We defined encounters with physicians based on paid claims in the carrier file. We excluded claims for nondirect patient care specialties or specialties where individual physicians were not selected (eg, anesthesia, radiology). We identified all evaluation and management services for inpatient and outpatient care, and also included procedures with a relative value unit (RVU) value of at least 2.0 to capture surgical procedures that often are reimbursed via bundled fees that include preprocedure and postprocedure assessments. We excluded claims for laboratory and other services not requiring a physician visit. We also excluded physicians who saw fewer than 30 Medicare patients during a year or who practice outside of the included HRRs.
We identified physician networks by connecting pairs of physicians who share patients with one another durring an episode of care, which we measured using Optum’s Episode Treatment Group (ETG) software (version 8.3, Optum).10-13 This method allowed us to eliminate ties between physicians that were unlikely to be true information-sharing relationships, such as between an ophthalmologist and an orthopedic surgeon for a patient who happened to be treated over the course of a year for both cataracts and knee pain. The structural backbone from which we discerned physician networks was a patient-physician “bipartite” or 2-mode network, which means that nodes in the network can be partitioned into 2 sets, physicians and patients, and that all relationships link nodes from 1 set to the other.14 We formed a unipartitite (physician-physician) network15,16 by connecting each pair of physicians who shared patients with one another. Our approach to constructing such networks is described in a previous publication.6 Importantly, although ownership, network affiliations, and, to a lesser extent, managed care “network” inclusion could influence the existence of these types of relationships, our hypotheses were conditional on the relationships we observed, and not what might have motivated them.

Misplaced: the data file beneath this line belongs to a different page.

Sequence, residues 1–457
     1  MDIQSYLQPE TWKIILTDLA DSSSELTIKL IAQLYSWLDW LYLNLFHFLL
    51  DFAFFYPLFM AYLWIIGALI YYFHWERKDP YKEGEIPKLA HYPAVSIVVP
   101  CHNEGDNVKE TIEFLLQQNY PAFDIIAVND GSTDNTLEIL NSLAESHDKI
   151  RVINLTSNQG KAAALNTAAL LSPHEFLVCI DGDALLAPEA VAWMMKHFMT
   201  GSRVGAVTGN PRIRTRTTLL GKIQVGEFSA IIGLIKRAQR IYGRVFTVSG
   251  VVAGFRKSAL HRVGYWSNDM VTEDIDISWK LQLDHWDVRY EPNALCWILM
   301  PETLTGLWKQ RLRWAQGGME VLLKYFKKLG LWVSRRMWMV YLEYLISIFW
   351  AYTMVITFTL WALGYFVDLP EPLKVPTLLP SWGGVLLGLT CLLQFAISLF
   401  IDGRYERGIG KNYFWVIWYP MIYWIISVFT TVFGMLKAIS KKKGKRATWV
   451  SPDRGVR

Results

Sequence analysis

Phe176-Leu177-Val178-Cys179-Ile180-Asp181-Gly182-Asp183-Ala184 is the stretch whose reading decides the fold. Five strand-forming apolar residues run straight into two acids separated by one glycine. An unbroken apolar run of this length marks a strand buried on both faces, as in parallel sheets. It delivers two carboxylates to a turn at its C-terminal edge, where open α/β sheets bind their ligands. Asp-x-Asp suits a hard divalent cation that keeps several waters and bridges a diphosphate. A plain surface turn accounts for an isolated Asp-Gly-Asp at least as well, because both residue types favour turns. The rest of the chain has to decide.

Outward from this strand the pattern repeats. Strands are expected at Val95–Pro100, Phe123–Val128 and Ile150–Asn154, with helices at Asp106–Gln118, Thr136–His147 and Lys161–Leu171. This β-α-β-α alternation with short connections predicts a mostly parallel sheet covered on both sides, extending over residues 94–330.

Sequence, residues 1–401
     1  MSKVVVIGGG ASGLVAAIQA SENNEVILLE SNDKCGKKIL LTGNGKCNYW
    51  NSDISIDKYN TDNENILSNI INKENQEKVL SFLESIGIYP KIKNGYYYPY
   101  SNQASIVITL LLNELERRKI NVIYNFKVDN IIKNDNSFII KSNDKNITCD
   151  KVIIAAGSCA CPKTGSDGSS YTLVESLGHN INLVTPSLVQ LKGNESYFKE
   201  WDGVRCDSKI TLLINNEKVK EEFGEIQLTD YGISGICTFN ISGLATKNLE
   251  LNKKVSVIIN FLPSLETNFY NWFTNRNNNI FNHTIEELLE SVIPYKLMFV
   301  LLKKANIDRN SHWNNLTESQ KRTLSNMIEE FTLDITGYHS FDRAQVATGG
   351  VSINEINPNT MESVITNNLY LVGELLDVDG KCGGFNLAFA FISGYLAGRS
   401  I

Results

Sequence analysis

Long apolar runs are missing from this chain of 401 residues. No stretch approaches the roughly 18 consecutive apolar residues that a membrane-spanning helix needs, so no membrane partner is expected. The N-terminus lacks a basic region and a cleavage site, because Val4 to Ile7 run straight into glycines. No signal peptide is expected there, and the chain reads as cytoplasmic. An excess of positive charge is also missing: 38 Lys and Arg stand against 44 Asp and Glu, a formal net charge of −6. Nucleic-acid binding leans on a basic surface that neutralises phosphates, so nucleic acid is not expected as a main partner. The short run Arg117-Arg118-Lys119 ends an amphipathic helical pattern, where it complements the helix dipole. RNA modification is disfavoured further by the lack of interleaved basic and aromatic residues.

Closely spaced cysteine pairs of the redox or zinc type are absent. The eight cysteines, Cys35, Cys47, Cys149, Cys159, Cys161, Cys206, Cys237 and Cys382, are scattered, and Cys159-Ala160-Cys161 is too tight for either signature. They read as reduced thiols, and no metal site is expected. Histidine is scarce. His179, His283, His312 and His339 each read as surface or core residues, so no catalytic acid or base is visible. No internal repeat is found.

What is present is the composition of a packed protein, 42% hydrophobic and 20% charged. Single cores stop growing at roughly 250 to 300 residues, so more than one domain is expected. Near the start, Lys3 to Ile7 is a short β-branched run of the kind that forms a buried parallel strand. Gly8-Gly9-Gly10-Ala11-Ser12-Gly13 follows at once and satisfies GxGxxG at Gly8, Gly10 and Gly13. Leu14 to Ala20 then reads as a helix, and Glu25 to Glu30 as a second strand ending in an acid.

Within each HRR, we further partitioned the network into distinct network communities (communities), defined as groups of physicians who were more interconnected than would be expected by chance.17 We identified communities in each HRR network using the method of modularity maximization introduced by Newman18 and refined by Newman and Girvan19 to assign each physician to a single community, and hence to one of several distinct, nonoverlapping groups of physicians.20 We previously showed that this approach identifies groups of physicians with close working relationships who keep most patient care within the community.5 We applied this approach annually.
We assigned each beneficiary to the single PCP (defined as internal medicine, family practice, or general practice) who had the most contact with the patient, reflected in providing the plurality of his/her outpatient evaluation and management visits. We used the same algorithm to assign patients with no PCP visits to a specialist physician.